Listed in: , as EDST-145 | Political Science, as POSC-145
Kristin Bumiller (Section 01)
(Offered as POSC 145 and EDST 145) This course will explore the role of work in the context of American politics and society. We will study how work has been understood in political and social theory. We will also consider ethnographic studies that explore how workers experience their lives inside organizations and how workplaces transform in response to changing legal regulations. These theoretical and empirical explorations will provide a foundation for reflections about how work structures opportunities in democratic societies and how re-imagining work might unleash human potential. The course will ground these questions about the role of work in the context of American politics and society. At the broadest level we will ask: Do citizens in a liberal society have a right to engage in meaningful work and earn a living wage? What is the changing nature of work in a neoliberal society? What are the goals of the state in regards to the production of a future workforce? What are the impacts of employment discrimination, occupational segregation, and wage disparity based on race or gender?
Limited to 18 students. Fall Semester. Professor Bumiller.
How to handle overenrollment: Priority given to political science majors.
Students who enroll in this course will likely encounter and be expected to engage in the following intellectual skills, modes of learning, and assessment: Group work, readings, written work, oral presentations.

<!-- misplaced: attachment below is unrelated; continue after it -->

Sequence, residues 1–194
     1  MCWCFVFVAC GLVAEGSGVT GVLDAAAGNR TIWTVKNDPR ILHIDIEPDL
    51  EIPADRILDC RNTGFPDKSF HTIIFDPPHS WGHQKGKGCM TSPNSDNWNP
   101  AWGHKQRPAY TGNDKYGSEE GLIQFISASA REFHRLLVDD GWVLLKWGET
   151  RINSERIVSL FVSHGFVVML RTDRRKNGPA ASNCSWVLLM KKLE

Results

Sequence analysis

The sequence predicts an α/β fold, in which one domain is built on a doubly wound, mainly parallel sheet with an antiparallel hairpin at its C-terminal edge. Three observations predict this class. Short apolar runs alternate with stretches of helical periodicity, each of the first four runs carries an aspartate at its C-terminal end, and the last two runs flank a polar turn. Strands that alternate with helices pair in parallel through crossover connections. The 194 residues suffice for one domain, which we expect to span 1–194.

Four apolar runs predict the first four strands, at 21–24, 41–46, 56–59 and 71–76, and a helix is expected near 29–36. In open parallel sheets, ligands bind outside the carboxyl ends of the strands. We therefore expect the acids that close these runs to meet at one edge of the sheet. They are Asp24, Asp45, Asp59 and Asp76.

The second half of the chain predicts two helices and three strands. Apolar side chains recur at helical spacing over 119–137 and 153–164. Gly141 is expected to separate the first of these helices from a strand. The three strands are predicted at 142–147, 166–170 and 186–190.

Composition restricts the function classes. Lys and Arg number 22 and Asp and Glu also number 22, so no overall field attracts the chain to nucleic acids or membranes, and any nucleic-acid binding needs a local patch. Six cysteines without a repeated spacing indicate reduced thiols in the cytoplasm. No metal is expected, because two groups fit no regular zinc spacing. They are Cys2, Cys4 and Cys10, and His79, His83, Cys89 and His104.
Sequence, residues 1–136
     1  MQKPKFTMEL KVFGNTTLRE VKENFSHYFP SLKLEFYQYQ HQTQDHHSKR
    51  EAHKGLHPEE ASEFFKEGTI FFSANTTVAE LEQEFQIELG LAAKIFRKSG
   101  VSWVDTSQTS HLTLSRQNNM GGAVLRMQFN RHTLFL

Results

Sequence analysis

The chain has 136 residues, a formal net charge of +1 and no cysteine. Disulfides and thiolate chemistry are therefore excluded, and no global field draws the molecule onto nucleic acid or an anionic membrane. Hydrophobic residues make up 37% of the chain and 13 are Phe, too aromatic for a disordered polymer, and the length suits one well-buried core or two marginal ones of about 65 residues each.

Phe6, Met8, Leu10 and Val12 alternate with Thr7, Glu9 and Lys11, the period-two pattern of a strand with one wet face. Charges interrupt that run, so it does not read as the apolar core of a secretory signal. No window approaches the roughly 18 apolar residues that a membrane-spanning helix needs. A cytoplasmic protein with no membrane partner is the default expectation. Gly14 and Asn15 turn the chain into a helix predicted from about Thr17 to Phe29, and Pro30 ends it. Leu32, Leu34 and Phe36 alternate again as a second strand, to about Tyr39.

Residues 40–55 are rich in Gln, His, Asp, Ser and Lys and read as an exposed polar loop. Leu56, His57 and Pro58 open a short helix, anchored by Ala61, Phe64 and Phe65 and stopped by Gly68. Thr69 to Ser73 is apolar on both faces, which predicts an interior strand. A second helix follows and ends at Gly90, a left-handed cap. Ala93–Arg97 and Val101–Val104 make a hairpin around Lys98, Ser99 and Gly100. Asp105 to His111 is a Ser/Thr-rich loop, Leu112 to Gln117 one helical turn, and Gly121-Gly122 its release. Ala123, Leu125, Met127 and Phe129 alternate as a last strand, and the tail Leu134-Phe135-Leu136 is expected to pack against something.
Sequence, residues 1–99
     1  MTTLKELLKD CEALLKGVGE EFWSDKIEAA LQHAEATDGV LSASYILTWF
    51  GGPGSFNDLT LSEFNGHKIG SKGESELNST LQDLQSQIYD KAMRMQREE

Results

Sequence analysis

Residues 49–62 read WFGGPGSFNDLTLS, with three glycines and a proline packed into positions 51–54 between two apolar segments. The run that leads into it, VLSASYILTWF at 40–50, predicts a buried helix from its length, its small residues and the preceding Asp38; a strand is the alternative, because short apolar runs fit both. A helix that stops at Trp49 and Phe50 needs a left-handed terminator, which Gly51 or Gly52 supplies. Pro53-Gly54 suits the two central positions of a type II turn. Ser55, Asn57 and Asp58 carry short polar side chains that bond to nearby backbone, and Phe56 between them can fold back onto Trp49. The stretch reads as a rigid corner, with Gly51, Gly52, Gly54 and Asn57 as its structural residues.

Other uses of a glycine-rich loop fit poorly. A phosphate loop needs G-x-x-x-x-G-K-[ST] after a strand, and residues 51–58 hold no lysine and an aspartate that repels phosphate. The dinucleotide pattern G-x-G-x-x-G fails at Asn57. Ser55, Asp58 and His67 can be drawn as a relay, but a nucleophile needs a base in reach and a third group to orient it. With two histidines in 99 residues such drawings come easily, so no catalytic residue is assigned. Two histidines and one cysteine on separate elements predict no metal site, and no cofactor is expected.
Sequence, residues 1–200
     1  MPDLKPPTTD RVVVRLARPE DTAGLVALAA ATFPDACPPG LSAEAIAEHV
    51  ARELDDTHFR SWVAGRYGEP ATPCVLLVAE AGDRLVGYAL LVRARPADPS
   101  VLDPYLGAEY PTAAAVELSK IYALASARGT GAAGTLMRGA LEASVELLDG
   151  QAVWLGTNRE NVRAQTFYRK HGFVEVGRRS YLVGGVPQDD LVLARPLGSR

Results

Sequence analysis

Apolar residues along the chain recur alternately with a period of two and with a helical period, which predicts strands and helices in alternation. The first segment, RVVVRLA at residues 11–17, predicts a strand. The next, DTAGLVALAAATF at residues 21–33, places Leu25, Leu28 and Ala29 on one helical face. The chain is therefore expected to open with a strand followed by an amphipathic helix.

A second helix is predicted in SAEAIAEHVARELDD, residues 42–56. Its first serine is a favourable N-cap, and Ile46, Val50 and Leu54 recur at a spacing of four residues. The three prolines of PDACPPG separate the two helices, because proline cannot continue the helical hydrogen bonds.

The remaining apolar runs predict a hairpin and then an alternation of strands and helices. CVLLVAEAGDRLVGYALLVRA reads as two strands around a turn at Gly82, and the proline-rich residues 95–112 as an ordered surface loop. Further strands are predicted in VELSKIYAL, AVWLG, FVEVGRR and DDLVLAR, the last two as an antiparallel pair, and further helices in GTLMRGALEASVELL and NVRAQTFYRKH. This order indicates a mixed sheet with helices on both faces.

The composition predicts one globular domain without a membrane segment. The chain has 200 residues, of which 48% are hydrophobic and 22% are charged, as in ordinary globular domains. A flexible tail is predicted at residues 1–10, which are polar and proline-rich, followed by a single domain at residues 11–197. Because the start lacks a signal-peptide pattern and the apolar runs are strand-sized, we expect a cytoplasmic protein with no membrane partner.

Tu 01:00 PM - 02:20 PM SCCE E212
Th 01:00 PM - 02:20 PM SCCE E212
|Working: People Talk About What They Do All Day and How They Feel About What They Do||The New Press||Studs Terkel||This book is optional and is not required to be purchased||Amherst Books||TBD|
|Working law : courts, corporations, and symbolic civil rights||University of Chicago Press||Lauren B. Edelman||This book is optional and is not required to be purchased||Amherst Books||TBD|
|The Fissured Workplace: Why Work Became So Bad for So Many and What Can Be Done to Improve It||Harvard University Press||David Weil||This book is optional and is not required to be purchased||Amherst Books||TBD|
These books are available locally at Amherst Books.